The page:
It’s in the middle two-thirds where “Mortal Kombat” doesn’t quite deliver the same knockout punch, with choppy editing in most of the fight scenes and even the training sequences in Raiden’s temple – zipping by way too fast without adding much rhyme or reason to the film.
The movie at least doesn’t shortchange fans of the franchise when it comes to Fatalities, and, as has always been the case in the games, Kung Lao’s buzzsaw or razor-rimmed hat Fatality takes home the gold.
The plot of Earthrealm’s warriors to defeat Shang Tsung and his allies also ends up playing out way too fast and way too choppily in most of the head-to-head battles, but the pay-off of Cole finally unlocking his “arcana” and double-teaming with Scorpion against Sub-Zero returns the movie to the bloody energy, clear editing, and excellent fight choreography that it began with.
Indeed, for fans of “The Raid” and “The Night Comes For Us”, it’s a particularly sweet pay-off to see Joe Taslim finally becoming a full-blown action star in Hollywood movies right before their eyes in a role as iconic as Sub-Zero, and as any “Mortal Kombat” fan can tell you, this is hardly going to be the last we’ll see of Bi-Han as a formidable, supernatural assassin.
“Mortal Kombat” is a mix of strong and weak elements, with action scenes that are outstanding one moment and hampered by dizzying editing the next.
There are top notch physical performances by Lewis Tan, Ludi Lin, Max Huang, Joe Taslim, and Hiroyuki Sanada, a phenomenally entertaining performance from Josh Lawson as Kano, and an unfortunately watered-down presentation of the captivating “Mortal Kombat” mythos.
The film still has enough going for it that it can expand on the lore of its namesake in “Mortal Kombat 2” through Sub-Zero and Scorpion’s rivalry, Cole’s origins, Liu Kang and Kung Lao’s warrior bond, as well as a huge amount of potential to be tapped around the tournament itself.
With a certain well-known character from its roster teased at the end, “Mortal Kombat” sets up more to come going forward, and while there’s plenty to build on, there’s also plenty of room to improve. AND we’ve got plenty of ideas here as we’re sure you’ll have…!
- “Kano wins, you f**kin’ beauty!” – Kano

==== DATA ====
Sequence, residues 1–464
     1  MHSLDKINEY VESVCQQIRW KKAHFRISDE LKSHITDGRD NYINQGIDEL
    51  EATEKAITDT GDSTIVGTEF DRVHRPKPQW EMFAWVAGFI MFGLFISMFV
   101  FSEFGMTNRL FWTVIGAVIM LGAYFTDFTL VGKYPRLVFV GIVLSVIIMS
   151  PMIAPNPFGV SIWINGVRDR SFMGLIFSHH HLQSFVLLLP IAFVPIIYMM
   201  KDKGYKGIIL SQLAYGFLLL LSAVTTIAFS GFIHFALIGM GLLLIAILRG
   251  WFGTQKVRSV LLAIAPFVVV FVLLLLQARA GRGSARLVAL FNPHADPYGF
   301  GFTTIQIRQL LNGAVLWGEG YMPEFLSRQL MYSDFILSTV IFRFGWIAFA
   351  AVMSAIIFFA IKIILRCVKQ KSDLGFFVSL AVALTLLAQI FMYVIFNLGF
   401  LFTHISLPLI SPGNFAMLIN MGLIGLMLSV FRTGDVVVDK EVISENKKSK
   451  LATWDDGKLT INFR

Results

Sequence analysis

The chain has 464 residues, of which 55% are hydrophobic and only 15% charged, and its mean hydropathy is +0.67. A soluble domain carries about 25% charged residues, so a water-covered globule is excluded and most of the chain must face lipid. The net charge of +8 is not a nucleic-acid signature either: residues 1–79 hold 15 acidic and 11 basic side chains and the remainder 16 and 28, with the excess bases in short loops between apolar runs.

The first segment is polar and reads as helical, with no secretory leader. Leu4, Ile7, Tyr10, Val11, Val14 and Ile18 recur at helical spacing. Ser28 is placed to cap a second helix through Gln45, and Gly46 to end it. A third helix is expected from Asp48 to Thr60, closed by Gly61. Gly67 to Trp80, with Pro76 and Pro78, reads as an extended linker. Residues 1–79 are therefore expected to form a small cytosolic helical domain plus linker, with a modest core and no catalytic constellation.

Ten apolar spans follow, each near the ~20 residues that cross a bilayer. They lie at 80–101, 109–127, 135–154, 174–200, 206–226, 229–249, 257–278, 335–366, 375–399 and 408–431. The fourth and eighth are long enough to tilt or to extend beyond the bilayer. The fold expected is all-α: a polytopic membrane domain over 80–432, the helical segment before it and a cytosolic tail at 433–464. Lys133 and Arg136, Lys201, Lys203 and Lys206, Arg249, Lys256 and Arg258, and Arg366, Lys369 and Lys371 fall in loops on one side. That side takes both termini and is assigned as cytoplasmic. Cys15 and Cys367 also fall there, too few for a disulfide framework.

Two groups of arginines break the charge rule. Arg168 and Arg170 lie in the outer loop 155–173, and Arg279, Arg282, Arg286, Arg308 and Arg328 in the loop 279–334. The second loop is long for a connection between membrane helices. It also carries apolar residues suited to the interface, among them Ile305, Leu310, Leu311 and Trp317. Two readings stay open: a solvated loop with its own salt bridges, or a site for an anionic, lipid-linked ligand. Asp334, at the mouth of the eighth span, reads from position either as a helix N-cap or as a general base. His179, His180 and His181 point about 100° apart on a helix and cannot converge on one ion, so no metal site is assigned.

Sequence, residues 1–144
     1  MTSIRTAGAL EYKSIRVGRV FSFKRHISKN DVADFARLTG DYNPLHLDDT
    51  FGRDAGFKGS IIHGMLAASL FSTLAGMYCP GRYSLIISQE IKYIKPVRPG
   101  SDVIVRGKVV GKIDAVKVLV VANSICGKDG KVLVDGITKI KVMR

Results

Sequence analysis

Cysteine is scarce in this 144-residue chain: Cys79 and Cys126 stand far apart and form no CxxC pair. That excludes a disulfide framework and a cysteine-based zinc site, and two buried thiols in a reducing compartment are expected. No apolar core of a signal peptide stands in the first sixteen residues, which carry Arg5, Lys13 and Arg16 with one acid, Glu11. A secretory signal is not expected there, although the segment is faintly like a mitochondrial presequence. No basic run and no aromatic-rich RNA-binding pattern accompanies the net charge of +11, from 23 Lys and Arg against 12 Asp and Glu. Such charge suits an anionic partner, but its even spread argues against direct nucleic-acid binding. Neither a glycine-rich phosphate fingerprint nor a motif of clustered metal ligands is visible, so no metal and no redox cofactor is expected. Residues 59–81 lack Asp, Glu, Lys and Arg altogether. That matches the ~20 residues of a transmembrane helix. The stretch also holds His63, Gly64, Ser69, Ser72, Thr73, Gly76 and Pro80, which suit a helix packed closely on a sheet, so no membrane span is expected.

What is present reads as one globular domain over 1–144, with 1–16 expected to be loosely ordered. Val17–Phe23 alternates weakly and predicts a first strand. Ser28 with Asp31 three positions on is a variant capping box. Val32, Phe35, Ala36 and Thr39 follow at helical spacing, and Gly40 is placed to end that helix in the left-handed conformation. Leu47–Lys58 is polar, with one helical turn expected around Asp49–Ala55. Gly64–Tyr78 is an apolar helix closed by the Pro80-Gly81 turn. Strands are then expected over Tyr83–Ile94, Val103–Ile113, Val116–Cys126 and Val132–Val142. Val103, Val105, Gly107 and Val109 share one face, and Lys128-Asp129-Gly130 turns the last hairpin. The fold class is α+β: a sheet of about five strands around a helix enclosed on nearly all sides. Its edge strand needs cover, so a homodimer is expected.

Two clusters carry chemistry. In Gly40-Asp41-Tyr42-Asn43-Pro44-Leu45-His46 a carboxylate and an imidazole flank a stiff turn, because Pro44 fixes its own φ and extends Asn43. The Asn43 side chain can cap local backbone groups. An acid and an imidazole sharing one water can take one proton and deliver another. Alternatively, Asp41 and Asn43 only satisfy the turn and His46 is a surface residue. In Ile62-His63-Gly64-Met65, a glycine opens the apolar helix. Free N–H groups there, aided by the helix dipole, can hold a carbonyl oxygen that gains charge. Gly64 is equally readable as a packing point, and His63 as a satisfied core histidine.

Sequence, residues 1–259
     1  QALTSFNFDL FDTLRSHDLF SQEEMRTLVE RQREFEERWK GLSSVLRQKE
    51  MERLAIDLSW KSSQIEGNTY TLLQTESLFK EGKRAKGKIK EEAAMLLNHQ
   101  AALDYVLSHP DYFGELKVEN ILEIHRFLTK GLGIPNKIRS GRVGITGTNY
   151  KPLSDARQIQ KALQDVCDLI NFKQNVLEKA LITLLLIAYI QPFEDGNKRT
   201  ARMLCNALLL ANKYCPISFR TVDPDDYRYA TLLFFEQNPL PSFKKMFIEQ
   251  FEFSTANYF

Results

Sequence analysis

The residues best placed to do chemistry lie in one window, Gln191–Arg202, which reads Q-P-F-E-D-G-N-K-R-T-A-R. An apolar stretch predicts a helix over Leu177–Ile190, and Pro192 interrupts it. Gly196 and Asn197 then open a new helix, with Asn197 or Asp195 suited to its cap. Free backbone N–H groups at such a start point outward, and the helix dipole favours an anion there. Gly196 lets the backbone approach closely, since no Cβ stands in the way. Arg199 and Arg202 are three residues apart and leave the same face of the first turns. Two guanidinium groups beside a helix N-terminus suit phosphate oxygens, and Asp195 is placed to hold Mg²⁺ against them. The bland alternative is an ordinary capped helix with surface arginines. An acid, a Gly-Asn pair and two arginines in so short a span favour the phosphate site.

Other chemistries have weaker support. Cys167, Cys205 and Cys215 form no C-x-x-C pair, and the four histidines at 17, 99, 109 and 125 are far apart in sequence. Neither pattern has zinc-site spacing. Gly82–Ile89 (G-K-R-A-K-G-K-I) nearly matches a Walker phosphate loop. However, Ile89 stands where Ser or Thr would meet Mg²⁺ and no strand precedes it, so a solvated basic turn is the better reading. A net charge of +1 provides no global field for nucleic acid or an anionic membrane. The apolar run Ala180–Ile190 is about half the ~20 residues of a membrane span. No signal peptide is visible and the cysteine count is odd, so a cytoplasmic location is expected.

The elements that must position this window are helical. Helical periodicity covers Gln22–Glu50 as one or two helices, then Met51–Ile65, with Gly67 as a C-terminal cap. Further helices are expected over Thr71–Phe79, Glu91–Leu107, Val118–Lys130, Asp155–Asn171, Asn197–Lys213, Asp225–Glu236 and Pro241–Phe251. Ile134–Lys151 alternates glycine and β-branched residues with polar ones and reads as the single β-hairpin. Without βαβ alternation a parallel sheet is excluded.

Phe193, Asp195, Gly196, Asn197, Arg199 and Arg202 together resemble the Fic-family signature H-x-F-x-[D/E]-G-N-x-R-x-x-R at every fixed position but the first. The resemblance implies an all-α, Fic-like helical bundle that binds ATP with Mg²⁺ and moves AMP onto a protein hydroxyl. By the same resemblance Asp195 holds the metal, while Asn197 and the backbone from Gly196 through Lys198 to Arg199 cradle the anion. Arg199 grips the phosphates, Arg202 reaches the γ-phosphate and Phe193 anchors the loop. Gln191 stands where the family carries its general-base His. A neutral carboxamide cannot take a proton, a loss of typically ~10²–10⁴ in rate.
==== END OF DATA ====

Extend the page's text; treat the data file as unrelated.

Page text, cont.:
- “Six tours, Motherf***er!” – Jax (while fighting Sub-Zero.)
- “Did you just make that last part up? It kinda sounds like you made it up, and look, you spelled it wrong.” – Cole (after Sonya explains Mortal Kombat to him.)
- “F**k no, I live in this sh*thole, you think I got $3 million?” – Sonya Blade (after Cole asks if she can make good on her bribe to Kano.)
- Max Huang is a member of the Jackie Chan Stunt Team, and has done stunt work on movies such as “Chinese Zodiac”, “Police Story: Lockdown”, “Kingsman: The Secret Service”, “Dragon Blade”, and “Skiptrace”. He also wrote, directed, and starred in the action short “No Way Out”, which you can see below.
- Lewis Tan is the son of martial arts and Hollywood stunt legend Philip Tan.
- To develop Cole’s MMA fighting style, Lewis Tan studied the fights of UFC welterweight legend Jorge “Gamebred” Masvidal renowned for his real-life, street-fighting background.
- Joe Taslim has said he’s signed a five-picture deal as Sub-Zero, and would be interested in doing a prequel about Bi-Han.
- Hiroyuki Sanada prepared to play Scorpion by playing the “Mortal Kombat” games, and by his own account; “Of course, I was beaten every time, just losing and losing”, but he learned a lot about the “Mortal Kombat” mythos in doing so.
- Cole comments in the movie that “Mortal Kombat” is misspelled. Originally, when the games were being developed, the intention was to use the title “Mortal Combat”, but there was trouble in landing the rights to this title. Designer Steve Ritchie suggested to co-creator Ed Boon that the title be altered to “Mortal Kombat”, and the rest is history.